The Service of Molecular Virology of the Faculty of Sciences at the Université Libre de Bruxelles (ULB), headed by Carine Van Lint, FNRS Research Director, has been studying the molecular mechanisms that regulate HIV-1 gene expression for many years. Such a basic understanding of the molecular mechanisms responsible for HIV-1 latency could allow the design of novel alternative or complementary therapeutic strategies that would force the virus to leave this latent state.
One of the mechanisms of HIV-1 persistence is DNA methylation, a chemical modification of DNA that locks the expression of viral genes in a stable but reversible manner. If DNA methylation of viral genes was known, including in people with HIV, how DNA methylation occurred in HIV-1 genes was not fully understood. Research conducted by Carine Van Lint (ULB), in the context of the RHIVIERA program, has shown that the cellular protein UHRF1 is involved in the maintenance of HIV-1 latency, notably by recruiting the DNA methylation machinery to the viral genome. Indeed, inhibition of UHRF1 (by molecular or pharmacological manipulation) provokes the reactivation of HIV-1 in the cellular reservoirs, which can then be detected and eliminated by the immune system.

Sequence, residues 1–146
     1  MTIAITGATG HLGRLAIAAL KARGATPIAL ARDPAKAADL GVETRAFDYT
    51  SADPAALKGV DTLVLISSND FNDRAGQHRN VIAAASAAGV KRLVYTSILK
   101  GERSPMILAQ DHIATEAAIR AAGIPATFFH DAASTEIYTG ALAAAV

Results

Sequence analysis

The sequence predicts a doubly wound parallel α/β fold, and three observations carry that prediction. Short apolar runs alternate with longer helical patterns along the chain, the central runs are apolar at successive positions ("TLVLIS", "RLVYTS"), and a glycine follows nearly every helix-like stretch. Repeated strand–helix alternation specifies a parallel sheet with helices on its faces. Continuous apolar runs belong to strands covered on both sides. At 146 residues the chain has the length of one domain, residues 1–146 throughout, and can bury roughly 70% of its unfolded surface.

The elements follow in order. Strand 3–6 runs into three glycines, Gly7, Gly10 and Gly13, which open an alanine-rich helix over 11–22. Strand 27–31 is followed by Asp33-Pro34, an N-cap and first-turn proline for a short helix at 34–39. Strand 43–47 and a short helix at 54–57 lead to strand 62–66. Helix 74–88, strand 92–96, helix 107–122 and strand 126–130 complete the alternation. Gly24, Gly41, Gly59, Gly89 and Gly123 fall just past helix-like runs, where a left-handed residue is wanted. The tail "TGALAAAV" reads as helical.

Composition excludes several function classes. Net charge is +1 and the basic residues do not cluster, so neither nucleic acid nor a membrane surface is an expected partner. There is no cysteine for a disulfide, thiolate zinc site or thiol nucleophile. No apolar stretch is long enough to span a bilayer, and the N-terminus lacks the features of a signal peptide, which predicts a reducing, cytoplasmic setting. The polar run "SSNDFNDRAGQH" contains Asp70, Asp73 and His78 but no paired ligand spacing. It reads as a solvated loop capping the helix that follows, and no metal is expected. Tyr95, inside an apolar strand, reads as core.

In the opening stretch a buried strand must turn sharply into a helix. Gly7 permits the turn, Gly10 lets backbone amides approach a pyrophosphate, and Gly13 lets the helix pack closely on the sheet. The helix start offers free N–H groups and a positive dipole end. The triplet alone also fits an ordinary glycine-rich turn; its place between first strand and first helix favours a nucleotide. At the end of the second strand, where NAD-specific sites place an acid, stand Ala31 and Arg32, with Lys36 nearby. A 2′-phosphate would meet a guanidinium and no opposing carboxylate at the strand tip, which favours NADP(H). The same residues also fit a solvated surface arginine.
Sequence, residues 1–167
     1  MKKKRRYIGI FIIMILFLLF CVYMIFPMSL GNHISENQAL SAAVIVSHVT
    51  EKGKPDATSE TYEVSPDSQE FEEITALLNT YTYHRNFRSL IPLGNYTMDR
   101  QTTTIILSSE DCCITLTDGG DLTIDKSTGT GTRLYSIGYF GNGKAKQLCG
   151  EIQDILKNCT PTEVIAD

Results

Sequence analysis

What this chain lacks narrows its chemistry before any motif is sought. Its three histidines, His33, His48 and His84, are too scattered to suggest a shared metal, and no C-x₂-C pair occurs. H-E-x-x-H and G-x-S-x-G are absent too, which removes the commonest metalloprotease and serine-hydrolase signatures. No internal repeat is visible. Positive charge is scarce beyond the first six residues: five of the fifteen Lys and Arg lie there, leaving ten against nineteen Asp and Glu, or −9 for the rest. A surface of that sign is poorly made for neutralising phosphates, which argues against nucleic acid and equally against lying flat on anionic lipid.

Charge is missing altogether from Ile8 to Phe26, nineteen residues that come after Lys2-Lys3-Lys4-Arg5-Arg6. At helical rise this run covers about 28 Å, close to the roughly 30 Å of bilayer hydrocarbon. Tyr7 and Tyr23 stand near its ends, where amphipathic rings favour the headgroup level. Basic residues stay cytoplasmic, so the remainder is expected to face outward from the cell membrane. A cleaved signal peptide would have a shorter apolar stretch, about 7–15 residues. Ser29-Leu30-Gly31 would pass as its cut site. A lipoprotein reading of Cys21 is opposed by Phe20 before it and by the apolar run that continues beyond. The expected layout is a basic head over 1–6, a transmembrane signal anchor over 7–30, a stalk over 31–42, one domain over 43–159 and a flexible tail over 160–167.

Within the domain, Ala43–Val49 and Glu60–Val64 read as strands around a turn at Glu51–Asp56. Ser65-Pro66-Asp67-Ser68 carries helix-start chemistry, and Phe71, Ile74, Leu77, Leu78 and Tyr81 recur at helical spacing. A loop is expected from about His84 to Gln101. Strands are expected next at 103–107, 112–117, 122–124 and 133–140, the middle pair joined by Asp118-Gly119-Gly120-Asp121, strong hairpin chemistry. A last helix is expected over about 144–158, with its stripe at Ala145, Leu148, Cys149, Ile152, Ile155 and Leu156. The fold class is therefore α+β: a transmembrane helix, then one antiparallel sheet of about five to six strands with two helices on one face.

These findings have enabled ULB researchers to propose a new therapeutic strategy to complement current anti-HIV treatment. Indeed, they have demonstrated that anti-UHRF1 molecules, used in anti-cancer therapies, can “wake up” the silent virus and thus force the latent virus to come out of its reservoirs. In particular, the researchers have demonstrated that the major polyphenolic compound of green tea, Epigallocatechin-3-gallate (EGCG), a known inhibitor of UHRF1, reactivates HIV-1 from latency. EGCG, which can be safely administered to humans, reactivates viral expression in ex vivo cultures of reservoir cells isolated from the blood of people with HIV under antiretroviral therapy. These results are encouraging for the development of innovative anti-HIV therapies based on UHRF1 inhibition.
These results were published in the journal eBioMedicine on May 1st, 2022.
Keywords: HIV, latency, UHRF1, new therapies, viral reactivation